Translator Graham Anderson sees the Ephesiaca as "a specimen of penny dreadful literature in antiquity." Moses Hadas, an earlier translator, takes a slightly different view: "If An Ephesian Tale is an absorbing tale of love and improbable adventure, it is also a tract to prove that Diana of the Ephesians (who was equated with Isis) cares for her loyal devotees."
Because of its shortness and other factors, some scholars maintain that the version we have is merely an epitome of a longer work. The Suda, a 10th-century Medieval Greek historical encyclopedia, describes the novel as having ten books when the version we have is divided into five. But Anderson suggests that "we may well find that our version is one of not two but a multiplicity of retellings of a familiar story, whose relationships to Xenophon are not easily identifiable." Translator Jeffrey Henderson offers another reason for the disparity: "For the number of books, the itacism of έ ("five") ... is a likelier explanation of Suda's ί ("ten") than the supposition that our text is an epitome. The story is very similar to the later story of Apollonius of Tyre.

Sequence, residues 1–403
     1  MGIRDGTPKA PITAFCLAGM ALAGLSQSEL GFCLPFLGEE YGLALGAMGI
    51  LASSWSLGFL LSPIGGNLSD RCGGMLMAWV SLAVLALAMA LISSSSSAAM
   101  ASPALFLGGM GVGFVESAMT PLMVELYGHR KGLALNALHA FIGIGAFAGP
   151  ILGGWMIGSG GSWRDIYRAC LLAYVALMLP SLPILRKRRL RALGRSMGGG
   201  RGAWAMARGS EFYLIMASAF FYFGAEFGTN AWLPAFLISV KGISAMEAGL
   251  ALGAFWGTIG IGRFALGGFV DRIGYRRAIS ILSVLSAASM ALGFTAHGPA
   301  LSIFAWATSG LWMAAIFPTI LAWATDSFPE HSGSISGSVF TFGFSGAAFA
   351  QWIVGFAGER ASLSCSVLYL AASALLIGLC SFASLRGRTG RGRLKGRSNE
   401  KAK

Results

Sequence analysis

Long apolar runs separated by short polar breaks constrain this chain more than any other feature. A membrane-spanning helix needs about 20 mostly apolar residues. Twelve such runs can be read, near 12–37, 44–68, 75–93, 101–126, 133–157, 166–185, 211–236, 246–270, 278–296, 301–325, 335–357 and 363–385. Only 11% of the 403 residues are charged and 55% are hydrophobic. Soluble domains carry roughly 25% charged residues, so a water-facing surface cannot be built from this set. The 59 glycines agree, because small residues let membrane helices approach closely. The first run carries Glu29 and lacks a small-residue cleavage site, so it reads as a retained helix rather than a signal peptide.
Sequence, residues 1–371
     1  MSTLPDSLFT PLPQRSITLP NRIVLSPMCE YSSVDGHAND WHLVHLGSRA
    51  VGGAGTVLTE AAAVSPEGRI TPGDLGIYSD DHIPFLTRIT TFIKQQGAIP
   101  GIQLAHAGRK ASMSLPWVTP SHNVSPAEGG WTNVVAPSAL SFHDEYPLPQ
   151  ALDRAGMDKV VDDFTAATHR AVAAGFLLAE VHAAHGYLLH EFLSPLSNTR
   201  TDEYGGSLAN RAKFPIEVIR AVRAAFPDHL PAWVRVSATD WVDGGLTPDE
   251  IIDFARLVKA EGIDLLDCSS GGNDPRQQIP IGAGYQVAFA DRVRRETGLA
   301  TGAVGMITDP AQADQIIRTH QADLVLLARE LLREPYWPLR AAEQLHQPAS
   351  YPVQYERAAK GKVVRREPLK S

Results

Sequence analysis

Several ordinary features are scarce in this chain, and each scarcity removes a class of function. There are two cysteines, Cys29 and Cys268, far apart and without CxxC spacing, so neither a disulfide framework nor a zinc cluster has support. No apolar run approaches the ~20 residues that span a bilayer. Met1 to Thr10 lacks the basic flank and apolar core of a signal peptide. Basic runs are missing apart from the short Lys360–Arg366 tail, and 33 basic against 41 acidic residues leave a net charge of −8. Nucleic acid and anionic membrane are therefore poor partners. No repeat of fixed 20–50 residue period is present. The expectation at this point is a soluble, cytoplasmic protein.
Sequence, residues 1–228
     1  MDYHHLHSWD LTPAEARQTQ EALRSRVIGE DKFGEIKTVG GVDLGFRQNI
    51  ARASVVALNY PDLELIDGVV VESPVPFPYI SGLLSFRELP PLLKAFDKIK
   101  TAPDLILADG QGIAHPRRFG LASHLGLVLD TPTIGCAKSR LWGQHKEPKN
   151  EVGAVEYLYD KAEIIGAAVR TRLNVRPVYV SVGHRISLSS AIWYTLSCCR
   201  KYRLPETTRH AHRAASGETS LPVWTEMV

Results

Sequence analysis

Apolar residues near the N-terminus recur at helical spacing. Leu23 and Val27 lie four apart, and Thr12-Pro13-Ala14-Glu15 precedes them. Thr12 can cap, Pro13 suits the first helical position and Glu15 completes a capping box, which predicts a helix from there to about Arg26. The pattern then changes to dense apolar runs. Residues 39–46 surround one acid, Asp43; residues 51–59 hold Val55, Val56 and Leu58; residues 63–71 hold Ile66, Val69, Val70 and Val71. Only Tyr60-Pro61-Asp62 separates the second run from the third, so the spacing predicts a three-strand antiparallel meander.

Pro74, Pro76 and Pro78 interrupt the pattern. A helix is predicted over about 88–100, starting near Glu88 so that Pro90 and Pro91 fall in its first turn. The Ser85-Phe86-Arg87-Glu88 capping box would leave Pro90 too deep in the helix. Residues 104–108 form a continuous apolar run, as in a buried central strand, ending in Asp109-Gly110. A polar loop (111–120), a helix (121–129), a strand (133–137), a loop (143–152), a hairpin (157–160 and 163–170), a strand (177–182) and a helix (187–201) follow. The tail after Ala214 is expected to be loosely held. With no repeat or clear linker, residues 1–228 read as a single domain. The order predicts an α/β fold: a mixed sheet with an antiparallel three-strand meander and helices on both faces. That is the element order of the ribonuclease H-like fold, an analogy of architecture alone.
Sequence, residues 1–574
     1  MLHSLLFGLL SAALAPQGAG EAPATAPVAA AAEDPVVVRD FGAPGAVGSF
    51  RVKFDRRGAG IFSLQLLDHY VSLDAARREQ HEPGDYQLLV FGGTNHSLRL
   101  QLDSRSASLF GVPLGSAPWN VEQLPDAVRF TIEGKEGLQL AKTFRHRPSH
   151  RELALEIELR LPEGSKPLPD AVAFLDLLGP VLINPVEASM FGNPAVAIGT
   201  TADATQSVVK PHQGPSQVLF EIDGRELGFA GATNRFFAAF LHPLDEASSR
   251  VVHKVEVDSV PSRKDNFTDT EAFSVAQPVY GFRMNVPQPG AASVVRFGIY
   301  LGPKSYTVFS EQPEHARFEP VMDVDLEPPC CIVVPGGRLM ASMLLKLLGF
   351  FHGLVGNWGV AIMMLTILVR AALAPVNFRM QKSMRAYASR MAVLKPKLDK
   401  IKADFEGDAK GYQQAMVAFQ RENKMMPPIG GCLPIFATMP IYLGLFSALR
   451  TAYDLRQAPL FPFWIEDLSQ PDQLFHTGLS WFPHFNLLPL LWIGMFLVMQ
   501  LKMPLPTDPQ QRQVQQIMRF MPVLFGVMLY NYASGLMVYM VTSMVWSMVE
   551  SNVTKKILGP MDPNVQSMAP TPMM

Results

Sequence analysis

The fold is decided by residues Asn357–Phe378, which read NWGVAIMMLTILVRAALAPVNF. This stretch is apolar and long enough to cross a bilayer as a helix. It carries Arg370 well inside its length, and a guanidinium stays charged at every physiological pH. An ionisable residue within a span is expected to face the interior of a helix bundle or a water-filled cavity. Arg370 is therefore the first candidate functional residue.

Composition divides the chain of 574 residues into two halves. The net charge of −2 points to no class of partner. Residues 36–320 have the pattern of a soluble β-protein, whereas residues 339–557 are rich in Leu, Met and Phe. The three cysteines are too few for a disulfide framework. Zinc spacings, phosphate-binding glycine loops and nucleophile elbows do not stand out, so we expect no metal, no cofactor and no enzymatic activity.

In the city of Ephesus, Habrocomes, an attractive, cultured, and arrogant young man of 16, and Anthia, an attractive and chaste young woman of 14, fall helplessly in love with each other after briefly meeting at the festival of Artemis. But because each is afraid to reveal this love to the other, they suffer miserably. Their families, in the hopes of curing them, consult the shrine of Apollo at Colophon. The soothsayer predicts that Habrocomes and Anthia will undergo travails involving pirates, tombs, fire, and flood, but their condition will improve. In an effort to avert such evils, the parents arrange that the lovers will quickly be married to each other and then sent to Egypt for their safety.
En route to Egypt, Habrocomes and Anthia pledge that if they ever became separated they would remain faithful. When their ship stops at Rhodes, it attracts the attention of a crew of Phoenician pirates, who plunder it, set it aflame, and take Habrocomes and Anthia captive. The pirates convey them to Tyre. Their captain, Corymbos, falls in love with Habrocomes, and his fellow pirate Euxinos falls in love with Anthia. Corymbos and Euxinos agree to each talk persuasively to the love object of the other, encouraging cooperation. Habrocomes and Anthia both say they need more time to think before deciding.